American Buffalo | Performing Arts Review | Chicago Reader

American Buffalo 

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AMERICAN BUFFALO, Circle Theatre. This 1975 play about a trio of losers in a Chicago junk shop planning the heist of a coin collection is seminal David Mamet. The dialogue is taut, the characters fascinating, and the storytelling spare but propulsive. Those looking for allegory will find a critique of American business as blistering as the one Mamet later wove into Glengarry Glen Ross. Those who like their theater more literal will enjoy American Buffalo as a witty, savage character study. No wonder theaters love doing the play. But sometimes I wish they'd restrain themselves, especially when the cast is not quite up to the demands of the script: witness the dreary American Theater Company staging several months ago.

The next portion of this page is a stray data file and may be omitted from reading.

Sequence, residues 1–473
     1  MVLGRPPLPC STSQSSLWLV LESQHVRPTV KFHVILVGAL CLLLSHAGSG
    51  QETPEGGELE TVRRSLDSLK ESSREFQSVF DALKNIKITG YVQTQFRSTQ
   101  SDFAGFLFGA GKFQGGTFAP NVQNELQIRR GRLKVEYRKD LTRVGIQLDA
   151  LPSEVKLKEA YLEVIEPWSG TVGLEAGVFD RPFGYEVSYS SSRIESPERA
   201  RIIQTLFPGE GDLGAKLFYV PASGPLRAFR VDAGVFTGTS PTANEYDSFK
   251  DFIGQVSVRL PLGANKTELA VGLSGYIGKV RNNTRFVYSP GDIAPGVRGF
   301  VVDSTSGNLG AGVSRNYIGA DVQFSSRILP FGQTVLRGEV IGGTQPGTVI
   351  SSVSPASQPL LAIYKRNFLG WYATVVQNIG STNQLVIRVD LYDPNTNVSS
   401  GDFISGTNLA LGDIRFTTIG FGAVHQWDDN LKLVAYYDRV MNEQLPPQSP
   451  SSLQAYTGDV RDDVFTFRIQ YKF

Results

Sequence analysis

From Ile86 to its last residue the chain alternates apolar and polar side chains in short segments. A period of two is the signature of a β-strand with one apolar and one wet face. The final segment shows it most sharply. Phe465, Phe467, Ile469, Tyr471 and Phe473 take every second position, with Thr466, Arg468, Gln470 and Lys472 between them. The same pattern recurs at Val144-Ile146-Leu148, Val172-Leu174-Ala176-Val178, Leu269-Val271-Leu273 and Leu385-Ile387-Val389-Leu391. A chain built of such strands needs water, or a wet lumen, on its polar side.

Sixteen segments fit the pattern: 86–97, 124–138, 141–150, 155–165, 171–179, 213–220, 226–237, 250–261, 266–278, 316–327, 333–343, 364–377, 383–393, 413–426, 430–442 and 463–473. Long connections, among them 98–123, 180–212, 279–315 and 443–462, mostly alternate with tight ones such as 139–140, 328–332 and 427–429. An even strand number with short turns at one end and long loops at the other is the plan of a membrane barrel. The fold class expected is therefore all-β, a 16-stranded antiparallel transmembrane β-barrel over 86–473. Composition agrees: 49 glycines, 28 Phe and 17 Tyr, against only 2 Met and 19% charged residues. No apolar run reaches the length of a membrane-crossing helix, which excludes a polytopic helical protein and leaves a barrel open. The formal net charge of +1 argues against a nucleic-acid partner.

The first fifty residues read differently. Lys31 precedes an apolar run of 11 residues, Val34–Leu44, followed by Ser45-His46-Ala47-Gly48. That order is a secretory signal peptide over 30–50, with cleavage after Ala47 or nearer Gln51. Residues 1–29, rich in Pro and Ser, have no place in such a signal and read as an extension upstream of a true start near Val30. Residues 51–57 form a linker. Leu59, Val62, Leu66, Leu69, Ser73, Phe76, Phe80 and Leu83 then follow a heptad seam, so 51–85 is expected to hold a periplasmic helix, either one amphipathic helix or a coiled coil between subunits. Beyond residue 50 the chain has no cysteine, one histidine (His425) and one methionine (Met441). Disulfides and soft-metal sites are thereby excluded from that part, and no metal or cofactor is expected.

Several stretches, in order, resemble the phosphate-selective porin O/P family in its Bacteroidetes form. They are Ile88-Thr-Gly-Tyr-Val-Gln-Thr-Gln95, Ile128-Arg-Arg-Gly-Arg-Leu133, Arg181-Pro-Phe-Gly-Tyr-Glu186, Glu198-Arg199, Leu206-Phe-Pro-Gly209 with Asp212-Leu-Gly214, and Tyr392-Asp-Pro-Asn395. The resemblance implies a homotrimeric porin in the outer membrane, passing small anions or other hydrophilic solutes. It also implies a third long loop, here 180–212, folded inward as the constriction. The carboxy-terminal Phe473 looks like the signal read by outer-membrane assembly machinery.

And it's happened again in this slightly better production. Andy Gwyn is not bad as Don, the posturing, talkative junk-shop owner. And Jay Fontanetta is pretty good as Bobby, Don's slow-witted sidekick. But Greg Kolack is miscast as Teach, the asshole responsible for virtually every bad turn in this benighted burglary. Kolack comes off as too nice for the part. Even when Teach loses it and smashes Don in the head with a bowling trophy, Kolack seems an actor playing anger, not someone who's really been pushed over the edge. A deeper problem is that Tony Vezner's staging doesn't build adequately to the play's climax.

--Jack Helbig

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